Recently, I had a chance to sit down with my friend Jackie D’Elia of Jackie D’Elia Designs. She just launched a show called Rethink.fm, the forward-thinking podcast about web design and front-end development in WordPress.
We’ve had several discussions leading up to this about content first strategy and design, which is the polar opposite of how most web projects are actually run. Jackie suggested that we record an episode to talk about content first web design.
I’m going to start this article with a controversial statement.
Referrals aren’t a reliable source of income.
I can hear you disagreeing with me now, but hear me out.
Now, if I were to ask you your number one source of sales, chances are high you’d tell me referrals or word-of-mouth.
Now while I do run into businesses that are booked solid from referrals alone, these are an anomaly, not a normality.
Every browser has it’s own idiosyncrasies.
One bug I encountered recently in Safari is related to pages with a slider located on the page.
Specifically, when the slides animate, font weights of various HTML elements somewhere else on the page change when the slides animate. Weird, right?
It turns out this is a bug in Webkit browsers like Chrome and Safari. There are some technical aspects to this involving how browsers render a page, and I won’t bore you with those details.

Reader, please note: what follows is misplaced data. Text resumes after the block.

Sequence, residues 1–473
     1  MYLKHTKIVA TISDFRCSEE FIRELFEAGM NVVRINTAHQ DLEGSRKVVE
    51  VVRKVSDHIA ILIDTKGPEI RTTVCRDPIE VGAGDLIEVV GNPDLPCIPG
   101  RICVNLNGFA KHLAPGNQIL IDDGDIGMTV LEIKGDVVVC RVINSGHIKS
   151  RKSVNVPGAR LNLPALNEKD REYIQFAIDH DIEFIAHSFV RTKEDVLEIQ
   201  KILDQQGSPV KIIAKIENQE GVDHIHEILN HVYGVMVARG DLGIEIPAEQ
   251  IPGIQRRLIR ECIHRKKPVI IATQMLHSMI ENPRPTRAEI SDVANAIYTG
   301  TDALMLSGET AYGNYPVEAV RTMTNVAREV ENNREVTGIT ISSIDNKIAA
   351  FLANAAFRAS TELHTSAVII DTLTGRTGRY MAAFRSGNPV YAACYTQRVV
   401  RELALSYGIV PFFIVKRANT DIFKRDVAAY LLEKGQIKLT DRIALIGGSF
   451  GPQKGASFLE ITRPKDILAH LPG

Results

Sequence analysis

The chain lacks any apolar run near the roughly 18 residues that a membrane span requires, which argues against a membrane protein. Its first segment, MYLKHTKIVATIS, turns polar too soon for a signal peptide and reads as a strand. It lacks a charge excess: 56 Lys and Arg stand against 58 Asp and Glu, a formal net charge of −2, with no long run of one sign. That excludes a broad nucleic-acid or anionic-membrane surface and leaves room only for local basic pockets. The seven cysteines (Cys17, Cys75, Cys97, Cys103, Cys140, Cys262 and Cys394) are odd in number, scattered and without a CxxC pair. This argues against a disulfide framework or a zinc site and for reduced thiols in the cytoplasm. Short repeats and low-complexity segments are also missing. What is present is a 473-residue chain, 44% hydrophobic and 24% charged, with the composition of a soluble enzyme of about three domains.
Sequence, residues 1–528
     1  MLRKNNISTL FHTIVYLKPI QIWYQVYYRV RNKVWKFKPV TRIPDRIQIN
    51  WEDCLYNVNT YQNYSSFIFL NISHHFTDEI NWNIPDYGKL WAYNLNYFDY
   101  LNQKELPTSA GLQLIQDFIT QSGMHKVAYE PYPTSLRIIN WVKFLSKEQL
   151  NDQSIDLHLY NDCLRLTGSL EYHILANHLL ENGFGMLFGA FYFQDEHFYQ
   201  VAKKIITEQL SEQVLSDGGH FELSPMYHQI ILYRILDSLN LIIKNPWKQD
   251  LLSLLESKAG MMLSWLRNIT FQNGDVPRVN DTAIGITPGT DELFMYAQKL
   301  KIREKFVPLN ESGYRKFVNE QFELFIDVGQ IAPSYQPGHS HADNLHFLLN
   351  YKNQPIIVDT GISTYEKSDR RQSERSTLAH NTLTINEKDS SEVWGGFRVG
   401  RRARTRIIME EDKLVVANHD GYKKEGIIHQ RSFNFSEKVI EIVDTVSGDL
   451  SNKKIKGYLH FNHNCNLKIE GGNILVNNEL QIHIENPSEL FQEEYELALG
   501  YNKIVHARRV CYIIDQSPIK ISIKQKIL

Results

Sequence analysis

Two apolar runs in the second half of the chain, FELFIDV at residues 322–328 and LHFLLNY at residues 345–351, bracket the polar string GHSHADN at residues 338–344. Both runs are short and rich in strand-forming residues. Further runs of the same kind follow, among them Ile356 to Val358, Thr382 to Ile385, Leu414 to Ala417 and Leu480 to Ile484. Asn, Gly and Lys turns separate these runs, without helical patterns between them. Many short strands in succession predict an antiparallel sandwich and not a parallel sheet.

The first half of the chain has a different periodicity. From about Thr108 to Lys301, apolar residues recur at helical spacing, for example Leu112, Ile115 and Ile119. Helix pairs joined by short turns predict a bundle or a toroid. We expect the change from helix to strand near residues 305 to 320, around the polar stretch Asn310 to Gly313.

The best way to describe what triggers this bug is: when CSS animation is in effect, anything that might appear on top of the animated element can be affected, if that element’s
left properties are changed during the animation, if the element follows the animated element.
This sounds complex, but there’s a fairly simple solution to this bug in Chrome and Safari.
Today we’re discussing one specific scenario that that hurts business websites. This is when WordPress website owners don’t own the plugin licenses for their site.
For those of you who don’t know what that is, many CMS like WordPress have “plugins” that extend the core site functionality. Some plugins are free, and some are paid. Other content management systems like Drupal or Expression Engine have the same sort of thing, they just call them different names.
On the WordPress repository, there are free plugins. But there’s also a ton of premium (paid) plugins in the overall ecosystem. These usually have an annual license for support and updates.
Many third-party companies, like WooCommerce, Gravity Forms, or WordImpress, for example, sell these plugins for a set price each year. The premium plugin licenses are good for one year. The licenses have a unique key which allows the site owner to update their WordPress plugins when they are available, or get ticketed support from the plugin vendor.
Bear in mind, your website is like any other piece of software. When software updates are available, they need to be applied. This helps keep everything functioning correctly, and keep your site safe and secure. Most websites today are not simple static brochure sites. E-commerce websites in particular are full-fledged web applications with a database and complex functionality.